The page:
Hatsukoi Limited: thoughts on reading, first loves, and life in general
Before I log on to my blog, I always try to put my thoughts in paper first. I’m sad to say that this week has been pretty hectic to the extent that I have only written some scribbles each day for four days. Since I vehemently refuse to do anything related to academic work today, I simply decided to integrate the scribbles. I’ll hopefully come up with a coherent post.
My favorite character in the whole series
I love reading.
In fact, I couldn’t stop reading these past few weeks, and it’s a very good thing I have a physics subject this semester to divert my energies into something academically productive, at least. Normally, people would be glad if they couldn’t stop reading. This would allow them to complete academic requirements much faster, as they don’t have to anymore surpass the drudgery of reading the texts. But that is exactly my problem: I didn’t read academic texts. I read everything except the required texts for school. I even wrote one time that it has become a pathology, so I’m very glad there have been physics problems to busy me, as they have been my transition into completing academic requirements.
I’m not averse to studying. I would even argue that even these academically unrelated readings are a form of studying. While I can very much study academically, I have allowed myself (i.e. a decision that was not entirely unconscious) to be sidetracked with a lot of different things: I have attempted to sell literature online (yes, even in the sewers of the Internet) because my room is already full of books (I think Baka-Raptor posted a good pictorial approximation of my room in one of his posts).
I think I’ve read a significant amount to be able to say that literature (as a medium in general) is more cogitative than other media and that its primary purpose is to instruct before it entertains (at least it is for the books I read). I think this is the reason why not many people delight in books: compared to anime and other media, books are like dietary fiber to our mental alimentary system: they are comparatively harder to digest, and what we cannot digest or understand we simply excrete as feces, or at least consider as feces. I’d argue that this is proven by the fact that it is easier to stop reading The Sound and the Fury compared to an watching an anime classic like Cowboy Bebop. I think it’s also easier to stop reading that novel compared to watching a film classic like The Godfather. All are representative classics of their own medium.
The girls of Hatsukoi Limited
As I wanted to stop reading extracurricular literature, and wanted to test this hypothesis, I decided to just read Hatsukoi Limited. I couldn’t stop. I started reading it 11 in the morning today, and I didn’t stop until I finished it at about four in the afternoon. In all honesty, I couldn’t read a novel or a book for five hours straight. The best I did (judging from the books I have read this year) was to read for two hours, stop for thirty minutes, and then continue reading for another one or two hours. Yes, that included The Sound and the Fury. I couldn’t read for five straight hours even with a compulsively readable novel like One Hundred Years of Solitude. I did that with Hatsukoi Limited, though.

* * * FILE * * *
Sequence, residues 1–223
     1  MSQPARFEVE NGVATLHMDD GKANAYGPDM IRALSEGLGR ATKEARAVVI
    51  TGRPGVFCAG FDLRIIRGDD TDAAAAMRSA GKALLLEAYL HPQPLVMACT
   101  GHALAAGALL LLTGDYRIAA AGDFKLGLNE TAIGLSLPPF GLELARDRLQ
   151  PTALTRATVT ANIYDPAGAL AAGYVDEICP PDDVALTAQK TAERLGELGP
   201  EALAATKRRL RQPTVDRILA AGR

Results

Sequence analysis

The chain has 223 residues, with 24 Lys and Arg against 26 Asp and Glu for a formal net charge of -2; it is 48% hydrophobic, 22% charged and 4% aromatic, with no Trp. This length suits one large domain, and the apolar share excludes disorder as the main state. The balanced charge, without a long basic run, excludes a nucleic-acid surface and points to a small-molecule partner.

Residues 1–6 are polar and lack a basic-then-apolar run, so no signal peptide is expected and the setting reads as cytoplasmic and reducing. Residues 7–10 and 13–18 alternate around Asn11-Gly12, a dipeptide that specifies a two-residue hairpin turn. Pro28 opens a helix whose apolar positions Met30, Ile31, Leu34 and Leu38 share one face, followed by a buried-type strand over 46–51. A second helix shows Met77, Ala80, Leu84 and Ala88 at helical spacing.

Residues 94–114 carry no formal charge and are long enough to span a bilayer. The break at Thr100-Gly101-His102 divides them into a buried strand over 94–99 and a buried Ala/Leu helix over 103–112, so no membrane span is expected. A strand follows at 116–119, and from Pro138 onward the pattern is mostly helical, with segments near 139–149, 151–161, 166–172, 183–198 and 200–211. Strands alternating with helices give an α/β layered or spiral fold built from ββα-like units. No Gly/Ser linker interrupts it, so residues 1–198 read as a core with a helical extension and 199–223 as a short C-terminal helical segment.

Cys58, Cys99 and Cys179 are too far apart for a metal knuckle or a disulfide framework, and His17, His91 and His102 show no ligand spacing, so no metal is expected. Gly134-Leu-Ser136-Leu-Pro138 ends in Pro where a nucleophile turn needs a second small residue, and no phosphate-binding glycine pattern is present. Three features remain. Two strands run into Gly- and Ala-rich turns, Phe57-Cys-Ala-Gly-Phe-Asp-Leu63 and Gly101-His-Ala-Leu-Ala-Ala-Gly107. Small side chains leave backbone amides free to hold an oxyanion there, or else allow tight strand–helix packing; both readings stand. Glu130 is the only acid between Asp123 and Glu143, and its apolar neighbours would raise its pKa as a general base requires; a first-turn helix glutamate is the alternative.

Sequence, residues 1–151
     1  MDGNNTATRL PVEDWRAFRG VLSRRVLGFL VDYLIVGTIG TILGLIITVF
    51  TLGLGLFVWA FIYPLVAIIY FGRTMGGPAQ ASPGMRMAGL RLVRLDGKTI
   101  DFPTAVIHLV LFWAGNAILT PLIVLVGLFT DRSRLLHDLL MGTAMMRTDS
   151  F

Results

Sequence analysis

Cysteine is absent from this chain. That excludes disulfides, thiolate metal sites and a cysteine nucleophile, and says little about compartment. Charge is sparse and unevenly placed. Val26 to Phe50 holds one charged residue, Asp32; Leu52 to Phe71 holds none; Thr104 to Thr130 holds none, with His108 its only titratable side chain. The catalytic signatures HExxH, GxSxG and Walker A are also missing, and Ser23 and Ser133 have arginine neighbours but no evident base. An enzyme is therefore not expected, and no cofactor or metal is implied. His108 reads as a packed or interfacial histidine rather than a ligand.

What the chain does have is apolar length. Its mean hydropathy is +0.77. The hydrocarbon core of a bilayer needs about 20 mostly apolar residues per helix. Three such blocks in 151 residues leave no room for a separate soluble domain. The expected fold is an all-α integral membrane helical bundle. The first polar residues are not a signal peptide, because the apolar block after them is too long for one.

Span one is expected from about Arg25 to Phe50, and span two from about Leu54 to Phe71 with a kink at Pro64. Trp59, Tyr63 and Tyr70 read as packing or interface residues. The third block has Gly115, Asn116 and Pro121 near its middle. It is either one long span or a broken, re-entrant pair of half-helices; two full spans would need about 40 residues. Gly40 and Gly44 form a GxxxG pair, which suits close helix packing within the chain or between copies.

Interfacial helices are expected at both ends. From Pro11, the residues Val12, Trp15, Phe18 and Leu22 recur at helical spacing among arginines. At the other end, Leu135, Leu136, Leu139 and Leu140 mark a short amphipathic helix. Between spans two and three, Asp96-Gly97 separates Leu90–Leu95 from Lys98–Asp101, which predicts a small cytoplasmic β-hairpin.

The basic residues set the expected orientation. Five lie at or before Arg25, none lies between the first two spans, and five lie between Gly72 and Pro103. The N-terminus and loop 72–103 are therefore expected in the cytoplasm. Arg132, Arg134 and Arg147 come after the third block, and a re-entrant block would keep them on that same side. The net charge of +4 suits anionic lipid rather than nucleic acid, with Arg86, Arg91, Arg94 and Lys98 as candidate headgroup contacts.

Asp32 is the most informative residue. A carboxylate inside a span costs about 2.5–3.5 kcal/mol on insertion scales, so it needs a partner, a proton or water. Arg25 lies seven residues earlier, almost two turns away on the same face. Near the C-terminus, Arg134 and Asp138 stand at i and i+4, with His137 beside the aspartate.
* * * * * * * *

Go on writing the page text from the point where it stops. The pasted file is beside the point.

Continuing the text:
I’m really fond of her art
I’m sure people would call my taste in manga to be bad: I love all of Mizuki Kawashita‘s works (like Lilim Kiss and Ichigo 100% [AYAAAAAAAAAAAAAAAA T_T]) and this series has been no different. I even think it was ended much better than Ichigo 100% was simply because there was no time jump and the characters have been fleshed enough for me. In fact, I admire Kawashita more with her recent accomplishment: as her manga series was unpopular in Japan, she had to end the series quickly but even with that pressure she was still able to create an ending that was plausible. I actually loved how it ended in an open note: the subject matter, after all, is first loves. First loves are fickle, that is true, but some first loves also blossom to full-fledged romances. Some are unrequited; some are, as yet, unfulfilled; some start off on the wrong foot, but at least all of them get somewhere.
I especially admired the romance between Yamamoto and Arihara. I admire Yamamoto for being true to herself, and for recognizing that you don’t really need any reason to like someone (quite a jump from her, considering that she is normally aloof, distant, and analytical). To stick to what she believed in, even if it meant turning down two wonderful potential suitors, is something that she should be congratulated for. On the flip side, I admire Arihara for having matured beyond his great sister complex. In addition, his respectful treatment towards Yamamoto and especially his actions in the thirty-first chapter made me like him all the more. Those actions of his took a lot of guts, and while he was perhaps blessed by the gods he also did not let his chance get away.
I also admired the development of Kei and Kusuda. Kusuda’s stifling of his natural perversity simply to cherish his ill-fated love (at least, before their confessions) for Kei and Kei’s admission that there is more to a guy than his looks was very heart-warming.
The ending was beautiful. Koyoi has still to resolve his brother complex; Meguru still has to move her swimming idol; Ayumi still has to resolve between choosing who she loves and who loves her: life goes on, and it’s far from perfect. But they live.
not a happy smiley
We also live, despite our heartaches, and our shortcomings. But we push on. The truly happy man, after all, according to Aristotle, does not let misfortune cloud his happiness. 🙂